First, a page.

Genesis One – Us, Images, and Subduing

“God said, ‘Let us make humankind in our image, after our likeness, so they may rule … over all the earth … and subdue it.’

Firstly, to whom is God referring when he uses the plural “us” and “our” in relation to “image” and “likeness”? The answer is to be found in the literary and religious culture shared by the Israelites and their surrounding peoples. For all Canaanites, initially including the Israelites, the name of the chief god was El or Elyon, (both of which are used of God in the Hebrew Bible). El presided over a ‘council of gods’ or lesser divine beings, hence “us” and “our”. 

From a Canaanite perspective, two telltale verses are Deuteronomy 32: 8 & 9. In these, “Elyon gave to the nations their inheritance .. Yahweh’s portion is .. Jacob” (another name for Israel). The chief Canaanite god, in other words, shared out his ’empire’ among his underlings, and the people called Israel were given to Yahweh. From the Israelite perspective, their God had his own divine assembly, as in Psalm 82, “God presides in the heavenly council; in the assembly of the gods he gives his decision”. We sometimes make the mistake of thinking that every Israelite thought there was only one god, forgetting that the 1st commandment was not, “you shall have no other gods”, but “you shall have no other gods before me”. Yahweh was to be the ‘top dog’, or should I say ‘top god’?

Secondly, what do the words “image” and “likeness” mean? The word “likeness(Hebrew דְּמוּת demut), has an abstract quality. It can refer to mental, moral and spiritual characteristics or capacities. The word “image” on the other hand, (Hebrew צֶלֶםselem), is a more physical term, most frequently used of statues, models or images. Israelite religion was a ‘broad church’. If the élite thought of God, (as in Genesis 1), as a voice from ‘somewhere beyond’, issuing lofty commands, others pictured a more ‘down to earth’ God, (as in Genesis 2 & 3), strolling in his garden, chatting to Adam and Eve, playing hide and seek, and making clothes for them.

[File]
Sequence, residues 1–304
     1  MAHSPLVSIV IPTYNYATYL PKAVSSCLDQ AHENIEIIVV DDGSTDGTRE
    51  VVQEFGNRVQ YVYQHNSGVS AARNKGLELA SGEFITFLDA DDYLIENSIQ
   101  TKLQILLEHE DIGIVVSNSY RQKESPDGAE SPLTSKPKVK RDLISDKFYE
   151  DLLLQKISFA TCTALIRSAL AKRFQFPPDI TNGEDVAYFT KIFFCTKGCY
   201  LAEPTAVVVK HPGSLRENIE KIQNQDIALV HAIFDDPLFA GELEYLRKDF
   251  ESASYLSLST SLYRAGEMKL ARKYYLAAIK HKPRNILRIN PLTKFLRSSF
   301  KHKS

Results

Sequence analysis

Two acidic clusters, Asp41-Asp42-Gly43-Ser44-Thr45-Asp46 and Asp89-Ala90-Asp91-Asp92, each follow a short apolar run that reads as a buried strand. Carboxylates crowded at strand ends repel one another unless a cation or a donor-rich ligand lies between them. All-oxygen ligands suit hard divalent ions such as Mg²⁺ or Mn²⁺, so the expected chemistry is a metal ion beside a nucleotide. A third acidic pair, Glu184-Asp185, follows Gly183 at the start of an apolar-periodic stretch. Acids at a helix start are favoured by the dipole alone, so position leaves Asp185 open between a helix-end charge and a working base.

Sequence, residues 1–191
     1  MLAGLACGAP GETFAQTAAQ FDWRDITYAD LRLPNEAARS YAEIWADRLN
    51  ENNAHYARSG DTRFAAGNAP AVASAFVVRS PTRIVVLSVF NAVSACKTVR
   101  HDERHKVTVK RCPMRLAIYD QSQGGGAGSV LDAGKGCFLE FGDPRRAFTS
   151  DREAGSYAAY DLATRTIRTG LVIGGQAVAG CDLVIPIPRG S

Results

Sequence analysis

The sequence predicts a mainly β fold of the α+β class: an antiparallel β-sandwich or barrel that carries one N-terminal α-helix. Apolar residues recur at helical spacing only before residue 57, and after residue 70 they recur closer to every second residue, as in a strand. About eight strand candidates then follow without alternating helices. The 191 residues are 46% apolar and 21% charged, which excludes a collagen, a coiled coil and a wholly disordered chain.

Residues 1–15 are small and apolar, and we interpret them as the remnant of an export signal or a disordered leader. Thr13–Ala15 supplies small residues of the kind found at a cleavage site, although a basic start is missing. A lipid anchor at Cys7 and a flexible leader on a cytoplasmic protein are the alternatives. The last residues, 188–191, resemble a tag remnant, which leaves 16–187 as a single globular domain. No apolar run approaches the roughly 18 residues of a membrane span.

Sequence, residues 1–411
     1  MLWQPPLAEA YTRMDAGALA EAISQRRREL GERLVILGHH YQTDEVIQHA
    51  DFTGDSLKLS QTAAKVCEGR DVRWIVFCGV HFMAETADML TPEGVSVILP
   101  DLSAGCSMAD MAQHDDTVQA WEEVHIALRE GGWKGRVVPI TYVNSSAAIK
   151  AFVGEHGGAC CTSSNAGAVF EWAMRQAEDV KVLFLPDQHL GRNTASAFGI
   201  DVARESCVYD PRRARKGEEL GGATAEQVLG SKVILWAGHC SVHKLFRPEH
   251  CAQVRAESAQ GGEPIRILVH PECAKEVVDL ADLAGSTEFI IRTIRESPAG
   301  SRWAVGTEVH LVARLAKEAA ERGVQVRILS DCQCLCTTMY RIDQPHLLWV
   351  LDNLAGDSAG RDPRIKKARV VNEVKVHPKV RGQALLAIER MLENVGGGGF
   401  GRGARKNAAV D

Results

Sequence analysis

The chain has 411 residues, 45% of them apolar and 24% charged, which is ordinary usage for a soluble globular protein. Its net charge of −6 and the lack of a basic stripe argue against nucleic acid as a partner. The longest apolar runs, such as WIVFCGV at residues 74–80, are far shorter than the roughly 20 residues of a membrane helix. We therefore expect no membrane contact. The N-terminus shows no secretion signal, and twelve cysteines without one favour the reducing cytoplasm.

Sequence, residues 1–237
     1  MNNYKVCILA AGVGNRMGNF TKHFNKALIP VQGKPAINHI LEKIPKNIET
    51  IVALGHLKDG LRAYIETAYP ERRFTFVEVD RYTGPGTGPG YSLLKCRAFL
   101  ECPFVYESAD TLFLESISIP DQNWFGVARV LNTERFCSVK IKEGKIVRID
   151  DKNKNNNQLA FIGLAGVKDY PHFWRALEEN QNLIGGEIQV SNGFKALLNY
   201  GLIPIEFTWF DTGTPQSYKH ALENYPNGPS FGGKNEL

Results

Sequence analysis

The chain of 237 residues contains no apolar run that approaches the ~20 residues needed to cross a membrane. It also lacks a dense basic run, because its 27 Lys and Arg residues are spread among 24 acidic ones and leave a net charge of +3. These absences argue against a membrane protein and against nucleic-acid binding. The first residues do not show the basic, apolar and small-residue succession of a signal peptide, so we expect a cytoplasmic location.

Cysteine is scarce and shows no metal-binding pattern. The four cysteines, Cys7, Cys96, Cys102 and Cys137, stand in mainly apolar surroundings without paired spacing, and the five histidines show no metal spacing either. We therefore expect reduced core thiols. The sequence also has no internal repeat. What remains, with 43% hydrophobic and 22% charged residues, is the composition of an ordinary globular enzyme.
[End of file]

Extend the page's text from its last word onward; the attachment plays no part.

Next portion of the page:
If God can make human beings in his own image, we humans can, and have, made God in ours. Our ‘images’ and ‘likenesses’ of God can no more convey the experience of ‘the real thing’, than food images can on a restaurant website. Instead of dogmatic assertions about what God ‘is’, tentative suggestions about what God ‘might be’, would be more to the point, and reduce the dissemination of hypothetical dubieties which, in the wrong minds, can give rise to more harm than good, such as suicide killings.

Thirdly, what about this matter of “ruling over” and “subduing” the earth? The word for “ruling over(Hebrew רָדָה radah) means ‘to tread down as in a wine press; to have dominion, to rule, to dominate’. This could be taken to mean that humans are the masters, and that everything else, including the planet itself, is to be mastered. The word for “subjugating(Hebrew כָּבַשׁ kabash) means ‘to subject, to make subservient‘ and, in the book of Esther 7:8, ‘to violate, to rape’. Strong stuff !

Sadly, humanity too often chooses to use and abuse other creatures, inflicting needless cruelty and inexcusable suffering. I’m reminded of God’s unhelpful words to Noah in Genesis 9:2, “All the animals, birds, and fish will live in fear of you; they are all placed under your power”. God help them! We selfishly loot Earth of its finite resources; carelessly propagate pesticides, fertilisers and hormones; pollute our rivers with sewage and our atmosphere with hazardous gasses. We are utterly dependent on this our one and only home, and yet, to quote Dylan Thomas, we may “ learn, too late, we grieved it on its way”. How tragic if humanity, the ‘crown’ of creation, were to return our world to a ‘Genesis-cidal’ chaos.

4 responses to “Genesis One – Us, Images, and Subduing”